17. Eli Ofek & Matthew Richardson, 2003. "DotCom Mania: The Rise and Fall of Internet Stock Prices," Journal of Finance, American Finance Association, vol. 58(3), pages 1113-1138, 06.
  18. Dilip Abreu & Markus K. Brunnermeier, 2003. "Bubbles and Crashes," Econometrica, Econometric Society, vol. 71(1), pages 173-204, January.
  19. Malcolm Baker & Jeffrey Wurgler, 2006. "Investor Sentiment and the Cross-Section of Stock Returns," Journal of Finance, American Finance Association, vol. 61(4), pages 1645-1680, 08.
  20. J. Michael Harrison & David M. Kreps, 1978. "Speculative Investor Behavior in a Stock Market with Heterogeneous Expectations," The Quarterly Journal of Economics, Oxford University Press, vol. 92(2), pages 323-336.
  21. De Long, J Bradford, et al, 1990. " Positive Feedback Investment Strategies and Destabilizing Rational Speculation," Journal of Finance, American Finance Association, vol. 45(2), pages 379-95, June.
  22. Garber, Peter M, 1990. "Famous First Bubbles," Journal of Economic Perspectives, American Economic Association, vol. 4(2), pages 35-54, Spring.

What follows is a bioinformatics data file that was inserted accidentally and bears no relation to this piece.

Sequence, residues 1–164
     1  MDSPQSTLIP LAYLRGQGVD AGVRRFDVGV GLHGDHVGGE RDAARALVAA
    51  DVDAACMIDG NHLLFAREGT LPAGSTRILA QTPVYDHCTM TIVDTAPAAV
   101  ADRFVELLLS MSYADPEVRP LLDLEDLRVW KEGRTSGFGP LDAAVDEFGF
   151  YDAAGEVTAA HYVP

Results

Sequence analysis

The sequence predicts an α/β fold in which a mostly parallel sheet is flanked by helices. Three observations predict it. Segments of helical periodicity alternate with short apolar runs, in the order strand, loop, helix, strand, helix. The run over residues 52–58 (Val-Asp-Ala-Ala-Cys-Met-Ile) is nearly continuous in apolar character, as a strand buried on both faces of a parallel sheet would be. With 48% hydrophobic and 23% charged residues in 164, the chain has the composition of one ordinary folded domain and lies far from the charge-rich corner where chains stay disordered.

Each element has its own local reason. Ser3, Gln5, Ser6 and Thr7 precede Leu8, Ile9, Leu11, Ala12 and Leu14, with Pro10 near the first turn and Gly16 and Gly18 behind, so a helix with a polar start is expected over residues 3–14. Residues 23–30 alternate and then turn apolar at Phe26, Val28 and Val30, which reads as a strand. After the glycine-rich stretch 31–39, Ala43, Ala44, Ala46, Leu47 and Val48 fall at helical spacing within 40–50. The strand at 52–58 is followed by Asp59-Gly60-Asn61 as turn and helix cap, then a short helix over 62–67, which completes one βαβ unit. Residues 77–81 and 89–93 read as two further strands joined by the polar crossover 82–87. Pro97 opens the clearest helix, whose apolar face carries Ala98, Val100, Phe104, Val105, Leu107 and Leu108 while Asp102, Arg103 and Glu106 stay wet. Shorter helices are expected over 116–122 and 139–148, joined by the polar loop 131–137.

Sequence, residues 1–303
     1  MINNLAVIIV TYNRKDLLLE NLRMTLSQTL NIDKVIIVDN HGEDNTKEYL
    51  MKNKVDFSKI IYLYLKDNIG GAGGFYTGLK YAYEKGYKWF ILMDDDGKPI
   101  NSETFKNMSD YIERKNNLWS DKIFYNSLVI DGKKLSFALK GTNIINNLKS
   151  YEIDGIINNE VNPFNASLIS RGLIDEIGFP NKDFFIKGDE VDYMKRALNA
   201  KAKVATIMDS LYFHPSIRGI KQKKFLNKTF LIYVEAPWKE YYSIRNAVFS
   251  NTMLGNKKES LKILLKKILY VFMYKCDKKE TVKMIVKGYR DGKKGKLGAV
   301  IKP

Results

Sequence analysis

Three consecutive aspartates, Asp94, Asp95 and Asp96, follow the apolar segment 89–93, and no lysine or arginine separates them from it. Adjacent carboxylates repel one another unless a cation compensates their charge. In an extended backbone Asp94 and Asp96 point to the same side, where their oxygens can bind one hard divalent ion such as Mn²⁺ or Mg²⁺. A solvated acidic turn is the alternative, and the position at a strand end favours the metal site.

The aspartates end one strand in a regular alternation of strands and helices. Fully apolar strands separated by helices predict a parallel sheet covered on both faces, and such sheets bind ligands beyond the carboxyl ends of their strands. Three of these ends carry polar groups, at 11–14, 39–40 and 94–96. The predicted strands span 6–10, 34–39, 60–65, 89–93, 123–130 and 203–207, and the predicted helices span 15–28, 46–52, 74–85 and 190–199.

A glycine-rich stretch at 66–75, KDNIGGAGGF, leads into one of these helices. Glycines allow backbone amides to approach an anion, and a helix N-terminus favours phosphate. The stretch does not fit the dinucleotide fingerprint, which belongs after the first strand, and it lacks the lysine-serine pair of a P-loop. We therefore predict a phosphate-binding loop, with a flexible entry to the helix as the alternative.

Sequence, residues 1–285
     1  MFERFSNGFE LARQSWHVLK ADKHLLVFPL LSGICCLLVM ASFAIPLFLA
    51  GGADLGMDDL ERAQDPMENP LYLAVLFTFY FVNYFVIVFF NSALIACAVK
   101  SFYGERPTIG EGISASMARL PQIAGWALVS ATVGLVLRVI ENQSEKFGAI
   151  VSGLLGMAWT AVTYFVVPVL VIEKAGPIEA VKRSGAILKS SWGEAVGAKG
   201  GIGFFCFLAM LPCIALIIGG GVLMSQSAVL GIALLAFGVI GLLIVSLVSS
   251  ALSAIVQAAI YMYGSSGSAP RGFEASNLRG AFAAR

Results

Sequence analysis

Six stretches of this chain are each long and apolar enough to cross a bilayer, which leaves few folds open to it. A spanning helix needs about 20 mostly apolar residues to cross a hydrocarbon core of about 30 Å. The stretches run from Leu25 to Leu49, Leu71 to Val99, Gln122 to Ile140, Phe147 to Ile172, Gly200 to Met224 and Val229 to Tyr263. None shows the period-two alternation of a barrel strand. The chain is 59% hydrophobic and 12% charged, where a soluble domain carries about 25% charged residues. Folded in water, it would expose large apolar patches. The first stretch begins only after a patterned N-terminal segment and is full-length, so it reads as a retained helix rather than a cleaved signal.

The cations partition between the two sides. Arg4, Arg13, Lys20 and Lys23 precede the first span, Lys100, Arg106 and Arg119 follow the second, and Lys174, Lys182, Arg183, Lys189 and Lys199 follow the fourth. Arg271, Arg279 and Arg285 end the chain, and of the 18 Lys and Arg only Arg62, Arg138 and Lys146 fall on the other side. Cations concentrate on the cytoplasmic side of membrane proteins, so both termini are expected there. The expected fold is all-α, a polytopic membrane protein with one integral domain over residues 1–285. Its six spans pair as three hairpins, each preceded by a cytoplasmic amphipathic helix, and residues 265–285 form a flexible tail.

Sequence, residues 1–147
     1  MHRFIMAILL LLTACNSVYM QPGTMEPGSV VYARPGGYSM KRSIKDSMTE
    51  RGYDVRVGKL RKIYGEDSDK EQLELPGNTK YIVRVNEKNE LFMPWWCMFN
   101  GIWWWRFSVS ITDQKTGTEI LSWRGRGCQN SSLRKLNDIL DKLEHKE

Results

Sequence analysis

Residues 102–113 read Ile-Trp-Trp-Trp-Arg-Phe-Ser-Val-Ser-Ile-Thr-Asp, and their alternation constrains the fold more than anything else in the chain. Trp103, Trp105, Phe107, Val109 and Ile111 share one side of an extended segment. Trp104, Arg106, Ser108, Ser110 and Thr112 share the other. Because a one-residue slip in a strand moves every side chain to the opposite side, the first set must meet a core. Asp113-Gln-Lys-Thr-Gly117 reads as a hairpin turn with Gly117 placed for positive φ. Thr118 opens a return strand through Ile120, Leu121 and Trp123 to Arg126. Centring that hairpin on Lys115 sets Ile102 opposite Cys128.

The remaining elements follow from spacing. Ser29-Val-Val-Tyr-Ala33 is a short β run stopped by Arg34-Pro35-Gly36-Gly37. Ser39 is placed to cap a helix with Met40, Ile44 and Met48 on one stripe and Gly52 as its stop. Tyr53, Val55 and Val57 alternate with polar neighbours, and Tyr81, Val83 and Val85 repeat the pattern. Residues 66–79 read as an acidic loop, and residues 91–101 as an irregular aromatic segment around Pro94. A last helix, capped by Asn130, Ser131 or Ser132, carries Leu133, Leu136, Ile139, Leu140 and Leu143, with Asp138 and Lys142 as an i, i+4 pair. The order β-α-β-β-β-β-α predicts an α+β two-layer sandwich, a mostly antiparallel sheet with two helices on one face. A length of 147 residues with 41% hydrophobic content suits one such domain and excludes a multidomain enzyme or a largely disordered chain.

23. Jérôme B. Detemple & Shashidhar Murthy, 1997. "Equilibrium Asset Prices and No-Arbitrage with Portfolio Constraints," CIRANO Working Papers 97s-12, CIRANO.
  24. Chen, Joseph & Hong, Harrison & Stein, Jeremy C., 2002. "Breadth of ownership and stock returns," Journal of Financial Economics, Elsevier, vol. 66(2-3), pages 171-205.
  25. repec:spr:pharme:v:22:y:2004:i:4:p:225-244 is not listed on IDEAS
  26. Tirole, Jean, 1982. "On the Possibility of Speculation under Rational Expectations," Econometrica, Econometric Society, vol. 50(5), pages 1163-81, September.
  27. Olivier J. Blanchard & Mark W. Watson, 1982. "Bubbles, Rational Expectations and Financial Markets," NBER Working Papers 0945, National Bureau of Economic Research, Inc.
  28. deB. Harris, Frederick H. & McInish, Thomas H. & Shoesmith, Gary L. & Wood, Robert A., 1995. "Cointegration, Error Correction, and Price Discovery on Informationally Linked Security Markets," Journal of Financial and Quantitative Analysis, Cambridge University Press, vol. 30(04), pages 563-579, December.
  29. Harris, Ron, 1994. "The Bubble Act: Its Passage and Its Effects on Business Organization," The Journal of Economic History, Cambridge University Press, vol. 54(03), pages 610-627, September.